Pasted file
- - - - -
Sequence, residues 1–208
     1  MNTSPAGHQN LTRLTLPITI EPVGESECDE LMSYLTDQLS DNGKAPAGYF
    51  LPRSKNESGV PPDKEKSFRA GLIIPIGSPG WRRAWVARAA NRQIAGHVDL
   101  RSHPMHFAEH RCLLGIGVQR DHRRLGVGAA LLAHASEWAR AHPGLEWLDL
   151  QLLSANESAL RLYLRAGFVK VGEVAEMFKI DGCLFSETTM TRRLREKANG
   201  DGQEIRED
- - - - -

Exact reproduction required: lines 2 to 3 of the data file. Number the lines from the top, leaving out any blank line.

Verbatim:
     1  MNTSPAGHQN LTRLTLPITI EPVGESECDE LMSYLTDQLS DNGKAPAGYF
    51  LPRSKNESGV PPDKEKSFRA GLIIPIGSPG WRRAWVARAA NRQIAGHVDL